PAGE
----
Table 2

Distribution of genotypic and allelic frequencies of MAOA uVNTR in the drug response classes assessed by Chi-test analysis

MAOA uVNTR genotypea

Therapy response grade

0–25% (class 1)

25–50% (class 2)

50–75% (class 3)

75–100% (class 4)

Obs.

Exp.

Obs.

Exp.

Obs.

Exp.

Obs.

Exp.

3R3R

0

3.60

8

3.33

1

3.87

7

5.2

3R4R

12

11.2

10

10.4

10

12.1

18

16.2

4R4R

15

12.2

7

11.2

18

13.1

14

17.6

MAOA uVNTR allelesb

0–25% (class 1)

25–50% (class 2)

50–75% (class 3)

75–100% (class 4)

Obs.

Exp.

Obs.

Exp.

Obs.

Exp.

Obs.

Exp.

3R

13

18.7

26

17.0

12

20.1

32

27.2

4R

42

36.3

24

33.0

47

38.9

48

52.8

Statistical analysis was performed on 124 females. The 5R variant was excluded from statistical analysis

df degrees of freedom

aχ2 = 18.4; df = 6; p = 0.005

bχ2 = 16.0; df = 3; p = 0.001

The migrainous population was then stratified according to drug overuse, and genotypic and allelic distributions were compared in abusers and non-abusers. All the polymorphisms analyzed in the stratified population were in HWE, except for CYP1A2*1C in the abuser group that gives a p < 0.05 (χ2 = 7; df = 1) due to the presence of the rare AA homozygote.

The frequencies of MAOA, GNB3 and CYP1A2*1C variants were found not to be significantly different between abuser and non-abuser groups. In contrast, we found an increased number of −163C allele of CYP1A2 in the non-abuser class and an overrepresentation of −163A allele in the abuser group (χ2 = 4.74; df = 1; p = 0.029), as shown in Table 3. Hence, therapy response/genotype association was separately assessed for abusers and non-abusers. In the abuser group, a significant association with response grade was found for CYP1A2*1F allele (Table 4). In detail, A allele was overrepresented in the classes 1 and 2 and underrepresented in the classes 3 and 4 (χ2 = 7.79; df = 3; p = 0.05). In the non-abuser group, there was no significant correlation of CYP1A2*1F allelic frequency and therapy response.
Table 3

Distribution of allelic frequencies of CYP1A2 −163A > C SNP in triptan abuser and non-abuser classes assessed by Chi-test analysis

−163A > C (CYP1A2*1F) alleles

Abusers (n = 75)

n (%)

Non-abusers (n = 51)

n (%)

Obs.

Exp.

Obs.

Exp.

A

108 (72.0)

100 (66.6)

60 (58.9)

68 (66.6)

C

42 (28.0)

50 (33.4)

42 (41.2)

34 (33.4)

χ2 = 4.74; df = 1; p = 0.029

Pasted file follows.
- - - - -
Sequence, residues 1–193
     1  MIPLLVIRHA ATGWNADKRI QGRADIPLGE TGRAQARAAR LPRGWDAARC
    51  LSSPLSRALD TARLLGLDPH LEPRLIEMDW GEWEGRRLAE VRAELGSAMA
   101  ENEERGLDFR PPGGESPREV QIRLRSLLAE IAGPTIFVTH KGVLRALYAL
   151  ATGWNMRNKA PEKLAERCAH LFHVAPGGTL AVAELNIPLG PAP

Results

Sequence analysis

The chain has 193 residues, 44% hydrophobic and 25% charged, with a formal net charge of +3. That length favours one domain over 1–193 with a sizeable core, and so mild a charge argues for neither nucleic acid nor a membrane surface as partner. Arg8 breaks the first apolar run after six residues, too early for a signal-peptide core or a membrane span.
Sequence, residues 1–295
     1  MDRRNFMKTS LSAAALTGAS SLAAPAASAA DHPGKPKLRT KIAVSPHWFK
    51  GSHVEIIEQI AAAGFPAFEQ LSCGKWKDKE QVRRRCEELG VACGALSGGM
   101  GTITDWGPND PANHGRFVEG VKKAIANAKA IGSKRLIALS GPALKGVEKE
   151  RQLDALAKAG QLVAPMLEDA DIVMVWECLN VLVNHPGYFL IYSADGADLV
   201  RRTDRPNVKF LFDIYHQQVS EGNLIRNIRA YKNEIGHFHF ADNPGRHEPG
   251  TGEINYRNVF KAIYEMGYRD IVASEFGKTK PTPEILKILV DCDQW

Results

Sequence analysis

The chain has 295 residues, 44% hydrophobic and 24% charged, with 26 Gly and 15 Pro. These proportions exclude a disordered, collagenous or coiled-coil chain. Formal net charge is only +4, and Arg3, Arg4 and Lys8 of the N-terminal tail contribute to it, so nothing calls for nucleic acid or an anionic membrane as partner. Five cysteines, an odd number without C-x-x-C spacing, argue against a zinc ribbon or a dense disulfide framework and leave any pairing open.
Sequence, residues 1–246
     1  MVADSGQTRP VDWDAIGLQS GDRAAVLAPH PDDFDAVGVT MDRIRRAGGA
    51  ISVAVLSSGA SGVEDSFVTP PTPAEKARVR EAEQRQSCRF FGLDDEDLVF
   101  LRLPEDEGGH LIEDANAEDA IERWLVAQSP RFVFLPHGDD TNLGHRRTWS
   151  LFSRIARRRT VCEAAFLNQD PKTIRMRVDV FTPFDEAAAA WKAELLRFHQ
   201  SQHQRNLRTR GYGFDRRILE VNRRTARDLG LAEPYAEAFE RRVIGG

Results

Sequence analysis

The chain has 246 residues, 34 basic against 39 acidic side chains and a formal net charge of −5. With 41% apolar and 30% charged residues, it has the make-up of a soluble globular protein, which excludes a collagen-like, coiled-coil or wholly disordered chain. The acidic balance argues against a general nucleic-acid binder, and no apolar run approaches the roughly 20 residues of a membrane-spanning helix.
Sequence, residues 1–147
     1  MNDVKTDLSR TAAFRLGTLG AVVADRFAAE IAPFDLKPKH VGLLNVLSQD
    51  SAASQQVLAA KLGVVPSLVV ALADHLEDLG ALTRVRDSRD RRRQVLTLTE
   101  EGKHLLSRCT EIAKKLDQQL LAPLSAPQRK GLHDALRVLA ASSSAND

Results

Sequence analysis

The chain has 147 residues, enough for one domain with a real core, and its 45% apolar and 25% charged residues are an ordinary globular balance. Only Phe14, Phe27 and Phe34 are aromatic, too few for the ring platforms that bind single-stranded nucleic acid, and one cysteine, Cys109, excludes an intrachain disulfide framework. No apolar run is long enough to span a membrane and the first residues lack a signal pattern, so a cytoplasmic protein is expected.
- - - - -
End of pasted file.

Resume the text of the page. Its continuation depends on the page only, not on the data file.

df degrees of freedom

Table 4

Distribution of allelic frequencies of CYP1A2 −163A > C SNP in the drug response classes assessed by Chi-test analysis

−163A > C (CYP1A2*1F) alleles

Therapy response grade

0–25% (class 1)

25–50% (class 2)

50–75% (class 3)

75–100% (class 4)

Obs.

Exp.

Obs.

Exp.

Obs.

Exp.

Obs.

Exp.

A

29

27.4

25

20.2

15

18.7

39

41.8

C

9

10.6

3

7.84

11

7.28

19

16.2

χ2 = 7.79; df = 1; p = 0.050

df degrees of freedom

Discussion

We present the results of a pilot study aimed to explore the potentiality of pharmacogenomics to tailor CM therapy. Polymorphisms in genes involved in metabolism (CYP450 and MAOA) and in target mechanisms (GNB3) of triptans were genotyped in 150 chronic migraineurs to assess their relation with the efficacy of triptans.

Among the considered gene SNPs, no relation between genotype and/or allelic frequencies and response grade of triptans was found, except for MAOA uVNTR polymorphism.

Concerning the GNB3 gene, a previous study reported an association between the C825T SNP and the response to triptan in cluster headache (CH) [2]. This polymorphism affects the signal transduction mechanism linked to 5-hydroxytryptamine (5-HT1B and 5-HT1D) receptors, the common targets of triptans [7]. In chronic migraine, we found no association of GNB3 C825T SNP with therapy response. However, 98.3% of the population studied by Schurks et al. was treated with sumatriptan, whereas our migraine population was heterogeneous with respect to the class of triptan medications. The discrepancy in the results probably reflects the distinct clinical presentation of different headaches as CH and CM, as well as the multifactorial aspect of headache physiology and triptan pharmacokinetics. On the other hand, in CM we found some genotype–response correlation for MAOA uVNTR.